IDSR functions are categorised into core and support functions. The core functions include identification of cases, investigation and confirmation, registration, case notification/reporting, data analysis and interpretation, response to the situation, communication and provision of two-way feedback, evaluation of the interventions, and preparation for emergency occurrences. The support functions include guidelines, laboratory capacity, supervision, training, resources and coordination at all health system levels [13]. The IDSR organisation structure allows surveillance information to flow from the low levels (community and facility) where data is generated through the district and national levels up to the World Health Organization. The IDSR implementation leverages the purpose and scope of the International Health Regulations 2005 [11].

During the past 20 years, the IDSR framework has been used in 94% (44/47) of the countries in the WHO African region to enhance capacity for surveillance for priority diseases, conditions, and events [14,15,16]. In most of these countries, the strategy has been implemented for about two decades, and the priority disease list required for reporting has been revised and increased [17]. Having a large number of diseases monitored by the public surveillance system creates implementation challenges. Low laboratory diagnostic capacity, low utilisation of the primary healthcare system and limited analytical skills and capacities in managing large and complex data result in unconfirmed and incomplete data and minimal utilisation of the data generated by the conventional system. Besides, the African continent has recently experienced major epidemics, including Ebola virus disease, dengue fever, cholera, yellow fever and coronavirus disease 2019, which spread faster and further due to high global connectivity, inadequate detection and risk management, and might easily be missed by the routine monitoring systems.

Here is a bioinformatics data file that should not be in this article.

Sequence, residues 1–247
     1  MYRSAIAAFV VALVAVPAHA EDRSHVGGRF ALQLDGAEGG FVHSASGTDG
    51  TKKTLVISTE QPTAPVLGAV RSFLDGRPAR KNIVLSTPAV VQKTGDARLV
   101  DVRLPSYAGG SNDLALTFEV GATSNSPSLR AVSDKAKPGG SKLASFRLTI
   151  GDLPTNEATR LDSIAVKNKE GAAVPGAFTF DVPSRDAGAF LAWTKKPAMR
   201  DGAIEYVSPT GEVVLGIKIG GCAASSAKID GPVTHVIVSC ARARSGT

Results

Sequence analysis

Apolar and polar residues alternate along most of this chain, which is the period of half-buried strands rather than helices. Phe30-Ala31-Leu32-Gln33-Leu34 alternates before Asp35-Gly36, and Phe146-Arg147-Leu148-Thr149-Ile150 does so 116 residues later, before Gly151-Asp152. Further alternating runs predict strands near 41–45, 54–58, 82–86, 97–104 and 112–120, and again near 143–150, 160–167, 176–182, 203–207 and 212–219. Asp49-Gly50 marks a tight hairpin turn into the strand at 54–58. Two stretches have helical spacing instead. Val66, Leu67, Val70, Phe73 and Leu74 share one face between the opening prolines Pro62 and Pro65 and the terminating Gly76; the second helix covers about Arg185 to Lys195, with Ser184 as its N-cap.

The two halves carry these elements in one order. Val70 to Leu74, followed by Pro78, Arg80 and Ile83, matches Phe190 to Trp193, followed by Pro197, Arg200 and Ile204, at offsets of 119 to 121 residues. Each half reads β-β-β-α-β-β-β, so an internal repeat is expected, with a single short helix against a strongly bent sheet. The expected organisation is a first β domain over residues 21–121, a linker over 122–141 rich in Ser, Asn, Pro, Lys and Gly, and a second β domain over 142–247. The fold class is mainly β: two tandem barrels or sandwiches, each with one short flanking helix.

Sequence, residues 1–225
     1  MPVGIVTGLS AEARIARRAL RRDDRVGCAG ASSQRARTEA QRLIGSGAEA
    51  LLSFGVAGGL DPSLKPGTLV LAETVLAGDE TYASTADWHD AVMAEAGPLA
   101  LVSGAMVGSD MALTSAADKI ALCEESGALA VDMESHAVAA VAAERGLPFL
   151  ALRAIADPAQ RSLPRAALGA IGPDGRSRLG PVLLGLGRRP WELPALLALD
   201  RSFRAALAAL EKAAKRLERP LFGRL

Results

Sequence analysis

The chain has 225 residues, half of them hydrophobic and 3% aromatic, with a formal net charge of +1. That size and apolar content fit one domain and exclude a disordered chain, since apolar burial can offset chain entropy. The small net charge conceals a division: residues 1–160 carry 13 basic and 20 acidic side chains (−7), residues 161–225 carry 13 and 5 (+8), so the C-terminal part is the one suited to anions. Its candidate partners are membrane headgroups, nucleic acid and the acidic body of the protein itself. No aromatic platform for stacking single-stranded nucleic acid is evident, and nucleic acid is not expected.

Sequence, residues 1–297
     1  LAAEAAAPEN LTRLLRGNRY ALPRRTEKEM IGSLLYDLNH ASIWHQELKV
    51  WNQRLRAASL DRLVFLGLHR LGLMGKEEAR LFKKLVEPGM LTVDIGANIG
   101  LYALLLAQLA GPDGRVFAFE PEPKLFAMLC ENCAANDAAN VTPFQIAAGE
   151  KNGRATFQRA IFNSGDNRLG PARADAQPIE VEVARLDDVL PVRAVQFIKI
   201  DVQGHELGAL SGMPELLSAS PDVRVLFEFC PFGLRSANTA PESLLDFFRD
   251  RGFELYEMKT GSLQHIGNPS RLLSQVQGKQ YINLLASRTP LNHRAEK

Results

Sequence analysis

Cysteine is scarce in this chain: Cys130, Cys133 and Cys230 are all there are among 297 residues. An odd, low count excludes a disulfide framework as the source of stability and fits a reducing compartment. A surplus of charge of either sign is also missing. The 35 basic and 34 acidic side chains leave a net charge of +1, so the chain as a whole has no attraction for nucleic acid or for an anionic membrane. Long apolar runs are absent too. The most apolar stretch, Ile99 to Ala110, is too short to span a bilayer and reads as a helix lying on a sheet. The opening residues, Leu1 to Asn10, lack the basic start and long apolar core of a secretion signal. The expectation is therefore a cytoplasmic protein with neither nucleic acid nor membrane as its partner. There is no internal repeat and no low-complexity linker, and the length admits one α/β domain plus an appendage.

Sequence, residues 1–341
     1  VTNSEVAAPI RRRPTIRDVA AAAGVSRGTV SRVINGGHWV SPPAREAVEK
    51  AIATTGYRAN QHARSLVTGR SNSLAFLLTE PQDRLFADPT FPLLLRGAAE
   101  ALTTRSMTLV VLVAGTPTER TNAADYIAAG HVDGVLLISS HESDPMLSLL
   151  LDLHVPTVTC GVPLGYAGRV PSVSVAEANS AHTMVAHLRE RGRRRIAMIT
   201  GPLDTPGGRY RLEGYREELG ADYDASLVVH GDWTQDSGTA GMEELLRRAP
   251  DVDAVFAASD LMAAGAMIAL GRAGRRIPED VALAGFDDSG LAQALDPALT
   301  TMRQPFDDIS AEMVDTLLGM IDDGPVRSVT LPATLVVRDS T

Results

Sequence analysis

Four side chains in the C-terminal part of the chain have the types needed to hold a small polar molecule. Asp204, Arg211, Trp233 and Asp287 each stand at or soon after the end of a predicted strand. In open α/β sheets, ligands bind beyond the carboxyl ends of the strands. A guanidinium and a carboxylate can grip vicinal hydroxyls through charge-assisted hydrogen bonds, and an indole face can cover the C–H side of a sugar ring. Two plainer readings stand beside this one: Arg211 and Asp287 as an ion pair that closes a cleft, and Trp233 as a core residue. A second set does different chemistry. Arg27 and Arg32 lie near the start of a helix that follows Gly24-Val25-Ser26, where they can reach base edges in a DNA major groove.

Over the years, the IDSR has relied heavily on the routine health management information system (HMIS) implemented at the facility and district levels of the health systems [16]. However, technology advancement and new communication platforms such as social and news media are growing in Africa, bringing more opportunities to incorporate digital data into surveillance information to complement passive facility-based surveillance. Since its adoption IDSR effectiveness and performance in SSA have been assessed, focusing on its functions. However, assessments on how the challenges and opportunities coming with IDSR evolved, how the technology expansion and the availability of other data sources relevant for surveillance have been embraced in monitoring, detecting and managing epidemics have not been documented with certainty [11, 14]. This systematic review aimed to analyse the performance of the IDSR strategy in Sub-Saharan Africa and how its implementation has embraced advancement in information technology, big data analytics techniques and wealth of data sources, as well as the One Health approach. The gaps, challenges and opportunities identified are used to propose appropriate strategies to improve surveillance in the region.